If a worker identifies with any of these protected identities, lay-offs must be verified. Any reason for lay-offs outside of these examples are most likely legal. Unfortunately, the burden of proof often falls to the victim if discrimination has occured. If a worker is a victim of discriminatory lay-offs, it is time for a lawyer.

If you are laid off, you should also know that you have certain rights. You may be entitled to unemployment benefits and the opportunity to continue health coverage temporarily under the Consolidated Omnibus Budget Reconciliation Act (COBRA). This can be an expensive option, so know the details before you sign up.

Document Everything

At the first sign of any discrimination, workers must begin documenting the actions they see. Even if the discrimination is not directed at them, they should take notes and retain them. Employees should look out for one another, though it is often not the case. And, by documenting occurrences, patterns of discrimination can become evident. 

For example, if layoffs disproportionally affect one group, this could constitute discrimination. For instance, the EEOC suggests one red flag may be if 30% of a workforce is female and 85% of employees set to be laid off are women. If you see that layoffs are disproportionately affecting your group without regard to job duties, experience, or other criteria, you may want to consult a lawyer.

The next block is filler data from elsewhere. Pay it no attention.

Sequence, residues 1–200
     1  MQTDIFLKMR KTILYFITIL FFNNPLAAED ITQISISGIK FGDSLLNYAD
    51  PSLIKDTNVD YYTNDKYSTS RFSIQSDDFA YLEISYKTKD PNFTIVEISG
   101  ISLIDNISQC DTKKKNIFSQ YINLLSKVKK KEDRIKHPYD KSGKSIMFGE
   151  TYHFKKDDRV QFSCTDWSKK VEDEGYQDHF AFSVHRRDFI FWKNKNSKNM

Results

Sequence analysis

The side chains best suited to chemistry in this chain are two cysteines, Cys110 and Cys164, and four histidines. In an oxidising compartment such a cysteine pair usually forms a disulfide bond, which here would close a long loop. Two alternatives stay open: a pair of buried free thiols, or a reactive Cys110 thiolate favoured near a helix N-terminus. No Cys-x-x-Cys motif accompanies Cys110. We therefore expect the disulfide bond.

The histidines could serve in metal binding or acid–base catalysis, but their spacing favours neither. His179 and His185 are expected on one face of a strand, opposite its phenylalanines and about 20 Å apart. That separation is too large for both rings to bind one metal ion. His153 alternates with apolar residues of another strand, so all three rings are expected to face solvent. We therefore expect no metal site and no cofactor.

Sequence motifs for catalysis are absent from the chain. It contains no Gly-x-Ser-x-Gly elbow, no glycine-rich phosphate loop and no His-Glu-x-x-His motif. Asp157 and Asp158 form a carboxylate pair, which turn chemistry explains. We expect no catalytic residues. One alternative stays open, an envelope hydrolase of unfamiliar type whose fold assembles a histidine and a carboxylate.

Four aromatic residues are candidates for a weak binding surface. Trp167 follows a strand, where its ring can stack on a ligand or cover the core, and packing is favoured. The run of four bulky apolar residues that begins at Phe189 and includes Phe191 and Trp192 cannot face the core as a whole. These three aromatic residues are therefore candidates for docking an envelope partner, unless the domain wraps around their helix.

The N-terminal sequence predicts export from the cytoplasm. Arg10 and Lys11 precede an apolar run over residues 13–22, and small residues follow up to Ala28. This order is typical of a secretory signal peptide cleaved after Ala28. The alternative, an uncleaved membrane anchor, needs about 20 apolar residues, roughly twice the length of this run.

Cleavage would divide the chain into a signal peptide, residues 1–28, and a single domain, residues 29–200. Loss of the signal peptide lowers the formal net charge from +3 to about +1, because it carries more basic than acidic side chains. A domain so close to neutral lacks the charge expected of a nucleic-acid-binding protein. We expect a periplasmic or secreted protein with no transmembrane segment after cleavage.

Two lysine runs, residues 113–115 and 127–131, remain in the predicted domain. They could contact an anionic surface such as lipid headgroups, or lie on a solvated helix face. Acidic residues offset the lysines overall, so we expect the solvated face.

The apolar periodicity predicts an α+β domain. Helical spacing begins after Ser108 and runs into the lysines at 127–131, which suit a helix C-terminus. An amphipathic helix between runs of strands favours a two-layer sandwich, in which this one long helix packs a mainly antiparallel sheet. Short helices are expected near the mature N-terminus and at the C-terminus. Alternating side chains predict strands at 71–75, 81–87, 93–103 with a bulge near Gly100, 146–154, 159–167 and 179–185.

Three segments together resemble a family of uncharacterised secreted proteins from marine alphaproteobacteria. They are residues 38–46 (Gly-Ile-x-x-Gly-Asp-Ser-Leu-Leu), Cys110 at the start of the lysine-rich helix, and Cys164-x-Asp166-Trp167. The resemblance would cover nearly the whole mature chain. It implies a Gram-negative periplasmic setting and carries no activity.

Document everything you see with regard to your own layoff and what’s happening around you. If you can gather direct evidence of discrimination, through emails or documents, that’s your best evidence. Keep a notebook and make entries of any potentially discriminatory conversations as they happen, noting the date and time they occurred.

Still, direct and irrefutable evidence can be difficult to come by, which is why most discrimination cases are proved using circumstantial evidence. If you were qualified for your position, were a member of a protected group, and were laid off while a lesser-qualified employee — who isn’t protected — was retained, you can put the burden on your employer to prove they haven’t discriminated. They may have to refute your allegations or show another reason why you were laid off.

Discrimination can still be difficult to prove, and companies may try to find ways to hide it. For example, companies may use high salaries as a justification for layoffs — but those with high salaries might all be workers in their 40s and older. Again, this is why documentation and communication amongst peers is crucial.

Don't go in alone